[Upcoming Course]: Fabrication of Provisionals for Immediate Implants

Provisional Implants In The Esthetic Zone:

Scientifically documented with high success is the replacement of maxillary single teeth in the maxilla and mandible. When a patient arrives at your office with a broken front tooth, a failing endodotically treated tooth or a tooth with gross caries that is non-restorable. What options are available for the patient? Let us dive into the spectrum of provisional implants.

  • Conventional implant placement with conventional loading of the implant
  • Immediate implant placement with an early loading of the implant
  • Immediate implant placement with immediate loading

Conventional implant placement with conventional implant loading:

Refers to the typical protocol where the broken or an extracted non-restorable tooth, a bone graft is placed allowing time for healing of the extractions site. Once the site has healed, the implant can be set and allow for healing 3-6 additional months. Only then, the provisional and final restorations can my loaded onto the implant.

Immediate implant placement with early loading:

Refers to placing the implant at the same time as the extraction, but we do not restore implant nor load with a provisional until a period (commonly less than 3 months) is allowed to heal. In other words, osseointegration of the implant is allowed to happen during a period before restoration is placed.

Immediate implant placement with immediate loading:

The placement of the implant as soon as the non-restorable tooth is extracted and a provisional is made. The latter sounds like an excellent treatment option to present to a patient. The first thing that comes to my mind is that the patient will be thrilled to have a fixed, non-removable provisional rather than having a “flipper” or “clear retainer” holding the missing tooth.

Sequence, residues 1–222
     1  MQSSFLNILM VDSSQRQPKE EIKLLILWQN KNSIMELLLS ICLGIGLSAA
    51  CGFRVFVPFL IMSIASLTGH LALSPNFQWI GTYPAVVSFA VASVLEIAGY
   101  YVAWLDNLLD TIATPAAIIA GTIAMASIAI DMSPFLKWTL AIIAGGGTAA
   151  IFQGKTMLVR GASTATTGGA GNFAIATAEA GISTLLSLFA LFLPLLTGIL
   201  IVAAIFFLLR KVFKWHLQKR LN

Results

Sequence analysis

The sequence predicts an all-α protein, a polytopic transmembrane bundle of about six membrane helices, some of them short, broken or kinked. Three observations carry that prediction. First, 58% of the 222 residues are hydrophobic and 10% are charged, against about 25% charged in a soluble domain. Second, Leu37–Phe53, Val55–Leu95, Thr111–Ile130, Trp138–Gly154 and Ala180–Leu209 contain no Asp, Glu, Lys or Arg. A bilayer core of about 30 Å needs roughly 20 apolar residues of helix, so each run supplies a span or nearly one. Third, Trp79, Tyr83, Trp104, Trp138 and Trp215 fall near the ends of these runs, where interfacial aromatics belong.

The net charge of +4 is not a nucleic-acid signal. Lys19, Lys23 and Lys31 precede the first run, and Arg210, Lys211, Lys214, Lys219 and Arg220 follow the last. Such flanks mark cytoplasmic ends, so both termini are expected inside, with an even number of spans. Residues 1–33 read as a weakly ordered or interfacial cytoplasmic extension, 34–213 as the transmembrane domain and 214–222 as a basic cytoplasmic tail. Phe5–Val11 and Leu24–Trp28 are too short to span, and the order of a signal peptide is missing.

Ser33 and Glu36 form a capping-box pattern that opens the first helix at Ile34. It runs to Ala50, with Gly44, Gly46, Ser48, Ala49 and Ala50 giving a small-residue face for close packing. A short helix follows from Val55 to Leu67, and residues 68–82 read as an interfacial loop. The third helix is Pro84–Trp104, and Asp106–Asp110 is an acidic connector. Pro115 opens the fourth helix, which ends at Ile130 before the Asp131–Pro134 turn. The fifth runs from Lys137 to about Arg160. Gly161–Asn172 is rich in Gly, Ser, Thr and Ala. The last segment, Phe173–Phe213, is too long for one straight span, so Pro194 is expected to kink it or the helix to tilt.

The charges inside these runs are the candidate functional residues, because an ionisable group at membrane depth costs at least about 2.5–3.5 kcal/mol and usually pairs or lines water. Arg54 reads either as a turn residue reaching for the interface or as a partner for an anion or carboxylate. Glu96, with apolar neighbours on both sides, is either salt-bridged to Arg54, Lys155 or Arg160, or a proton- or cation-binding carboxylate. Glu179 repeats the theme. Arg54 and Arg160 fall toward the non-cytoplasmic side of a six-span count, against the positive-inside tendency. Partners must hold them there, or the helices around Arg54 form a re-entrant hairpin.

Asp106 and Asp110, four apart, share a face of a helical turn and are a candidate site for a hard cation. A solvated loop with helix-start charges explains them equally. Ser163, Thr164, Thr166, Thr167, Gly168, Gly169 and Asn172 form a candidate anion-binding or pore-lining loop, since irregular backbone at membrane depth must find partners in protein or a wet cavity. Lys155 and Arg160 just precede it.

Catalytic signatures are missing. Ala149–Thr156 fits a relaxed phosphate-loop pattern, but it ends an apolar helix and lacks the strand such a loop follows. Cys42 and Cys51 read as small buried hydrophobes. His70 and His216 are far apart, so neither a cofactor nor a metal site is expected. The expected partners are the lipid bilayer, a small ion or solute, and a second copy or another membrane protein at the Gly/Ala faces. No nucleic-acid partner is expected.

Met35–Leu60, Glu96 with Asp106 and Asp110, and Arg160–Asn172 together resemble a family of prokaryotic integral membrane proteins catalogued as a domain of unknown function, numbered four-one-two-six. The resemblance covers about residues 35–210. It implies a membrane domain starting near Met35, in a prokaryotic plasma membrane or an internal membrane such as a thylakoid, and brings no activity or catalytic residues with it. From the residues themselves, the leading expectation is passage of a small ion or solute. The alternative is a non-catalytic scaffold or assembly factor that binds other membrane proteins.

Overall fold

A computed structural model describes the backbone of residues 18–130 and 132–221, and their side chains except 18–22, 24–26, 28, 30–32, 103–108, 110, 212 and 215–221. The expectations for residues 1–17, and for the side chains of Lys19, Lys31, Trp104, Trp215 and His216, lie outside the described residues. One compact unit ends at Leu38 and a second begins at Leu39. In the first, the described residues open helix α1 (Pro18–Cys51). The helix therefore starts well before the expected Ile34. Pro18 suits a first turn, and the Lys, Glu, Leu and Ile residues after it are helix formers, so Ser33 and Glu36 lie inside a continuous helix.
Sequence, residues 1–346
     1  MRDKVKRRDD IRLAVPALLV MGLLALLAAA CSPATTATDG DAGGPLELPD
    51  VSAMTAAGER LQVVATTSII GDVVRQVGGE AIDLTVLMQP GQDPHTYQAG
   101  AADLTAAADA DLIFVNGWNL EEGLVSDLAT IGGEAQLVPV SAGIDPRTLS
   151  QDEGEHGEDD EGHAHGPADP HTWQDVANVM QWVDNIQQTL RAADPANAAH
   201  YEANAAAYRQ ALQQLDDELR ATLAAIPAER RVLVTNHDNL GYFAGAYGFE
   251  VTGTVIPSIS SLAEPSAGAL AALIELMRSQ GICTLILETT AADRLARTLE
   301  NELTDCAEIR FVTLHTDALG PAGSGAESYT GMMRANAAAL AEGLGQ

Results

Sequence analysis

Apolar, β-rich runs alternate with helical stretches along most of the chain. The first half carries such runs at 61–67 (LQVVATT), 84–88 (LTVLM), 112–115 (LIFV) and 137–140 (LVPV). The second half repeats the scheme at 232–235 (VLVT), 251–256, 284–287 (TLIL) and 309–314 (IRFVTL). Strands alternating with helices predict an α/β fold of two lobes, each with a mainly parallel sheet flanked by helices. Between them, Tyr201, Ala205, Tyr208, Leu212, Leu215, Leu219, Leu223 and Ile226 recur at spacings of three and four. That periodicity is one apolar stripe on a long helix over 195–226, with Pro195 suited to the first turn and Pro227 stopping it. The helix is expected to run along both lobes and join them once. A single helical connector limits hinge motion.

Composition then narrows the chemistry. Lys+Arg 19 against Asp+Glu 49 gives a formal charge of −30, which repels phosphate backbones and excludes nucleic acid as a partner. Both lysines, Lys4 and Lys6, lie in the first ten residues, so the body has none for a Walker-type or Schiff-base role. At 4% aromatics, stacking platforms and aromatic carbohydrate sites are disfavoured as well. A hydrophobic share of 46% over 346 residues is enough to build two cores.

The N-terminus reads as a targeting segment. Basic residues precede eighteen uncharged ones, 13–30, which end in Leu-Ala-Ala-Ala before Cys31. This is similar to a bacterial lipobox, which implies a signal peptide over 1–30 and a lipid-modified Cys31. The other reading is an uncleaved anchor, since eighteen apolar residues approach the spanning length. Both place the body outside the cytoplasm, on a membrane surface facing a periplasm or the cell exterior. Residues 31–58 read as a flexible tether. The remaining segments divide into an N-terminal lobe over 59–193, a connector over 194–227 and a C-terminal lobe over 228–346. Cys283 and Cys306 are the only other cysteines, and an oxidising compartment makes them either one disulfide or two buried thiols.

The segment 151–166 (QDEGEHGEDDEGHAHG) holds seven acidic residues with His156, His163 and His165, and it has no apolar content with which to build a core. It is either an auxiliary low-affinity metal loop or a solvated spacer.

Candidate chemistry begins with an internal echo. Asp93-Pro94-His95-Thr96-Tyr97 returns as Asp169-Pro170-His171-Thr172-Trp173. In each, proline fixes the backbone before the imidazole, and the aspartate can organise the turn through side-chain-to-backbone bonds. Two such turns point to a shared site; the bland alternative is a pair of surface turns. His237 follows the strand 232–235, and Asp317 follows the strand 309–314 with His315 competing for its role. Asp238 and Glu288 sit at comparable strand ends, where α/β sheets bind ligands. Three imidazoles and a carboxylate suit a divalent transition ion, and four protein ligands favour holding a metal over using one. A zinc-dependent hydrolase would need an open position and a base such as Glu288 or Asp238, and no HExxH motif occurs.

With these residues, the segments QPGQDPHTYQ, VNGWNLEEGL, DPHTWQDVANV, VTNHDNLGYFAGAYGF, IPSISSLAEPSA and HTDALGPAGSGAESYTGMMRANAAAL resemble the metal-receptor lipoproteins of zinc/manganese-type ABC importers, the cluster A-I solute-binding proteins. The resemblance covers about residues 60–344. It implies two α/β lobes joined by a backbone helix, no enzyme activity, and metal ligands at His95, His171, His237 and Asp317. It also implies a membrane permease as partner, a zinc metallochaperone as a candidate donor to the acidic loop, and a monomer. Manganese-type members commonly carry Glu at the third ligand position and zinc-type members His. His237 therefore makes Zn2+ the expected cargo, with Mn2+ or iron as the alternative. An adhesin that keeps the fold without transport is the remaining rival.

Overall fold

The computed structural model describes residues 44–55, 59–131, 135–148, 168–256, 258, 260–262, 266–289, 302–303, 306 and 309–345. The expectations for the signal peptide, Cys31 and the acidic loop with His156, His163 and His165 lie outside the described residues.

When are “flipper” or “clear retainer” not the ideal option to privisionalize a missing tooth?

One of the main reasons is because the flipper moves and the patient has a difficult time talking or keeping it in place. The “clear retainer” is hard to place. Sometimes it causes changes on the occlusion, and this itself is another severe problem. The other caveat that patients face is the temptation to chew on the clear retainer. So, the patient has to remove it every time they eat which might cause esthetics issues.

[Important] What To Consider Before Treatment:

The idea of placing a provisional the same day we extract the tooth and place the implant sounds excellent, but can this procedure work for all patient?

  • How selective should I be when considering a case?
  • Measuring case success under my hands.
  • How do I communicate with my surgeon?
  • Tailoring treatment plans for similar cases. What will the sequence look like?
  • Properly billing the patient.
  • Establishing an efficient time frame for the case.
  • Communicating appropriately with the patient.

These are some of the questions that you should be considering when you have a case that requires an implant in the esthetic zone.

As a prosthodontist, I get cases referred to me to restore severely angled implants or is not at the proper depth or the patient is not happy with the result. To avoid further complications, we must perform a thorough evaluation and treatment plant before doing any treatment.